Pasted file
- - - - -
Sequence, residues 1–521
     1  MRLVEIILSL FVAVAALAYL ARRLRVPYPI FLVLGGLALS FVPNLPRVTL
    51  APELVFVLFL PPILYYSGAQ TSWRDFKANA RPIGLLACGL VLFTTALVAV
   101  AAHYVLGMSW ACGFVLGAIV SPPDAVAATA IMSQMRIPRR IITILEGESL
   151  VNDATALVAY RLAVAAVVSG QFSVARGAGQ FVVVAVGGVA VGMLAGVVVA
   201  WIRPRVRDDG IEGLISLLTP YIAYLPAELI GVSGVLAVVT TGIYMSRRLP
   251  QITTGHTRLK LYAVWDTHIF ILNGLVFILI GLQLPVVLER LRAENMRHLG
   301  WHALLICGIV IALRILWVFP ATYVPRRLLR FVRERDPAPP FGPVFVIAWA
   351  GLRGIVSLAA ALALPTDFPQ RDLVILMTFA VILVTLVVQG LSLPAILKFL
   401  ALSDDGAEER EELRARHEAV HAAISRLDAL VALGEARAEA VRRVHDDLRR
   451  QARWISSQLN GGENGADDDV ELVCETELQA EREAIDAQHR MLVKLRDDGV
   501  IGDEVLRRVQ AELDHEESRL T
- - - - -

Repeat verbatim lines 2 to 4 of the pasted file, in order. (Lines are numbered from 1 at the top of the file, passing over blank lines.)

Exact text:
     1  MRLVEIILSL FVAVAALAYL ARRLRVPYPI FLVLGGLALS FVPNLPRVTL
    51  APELVFVLFL PPILYYSGAQ TSWRDFKANA RPIGLLACGL VLFTTALVAV
   101  AAHYVLGMSW ACGFVLGAIV SPPDAVAATA IMSQMRIPRR IITILEGESL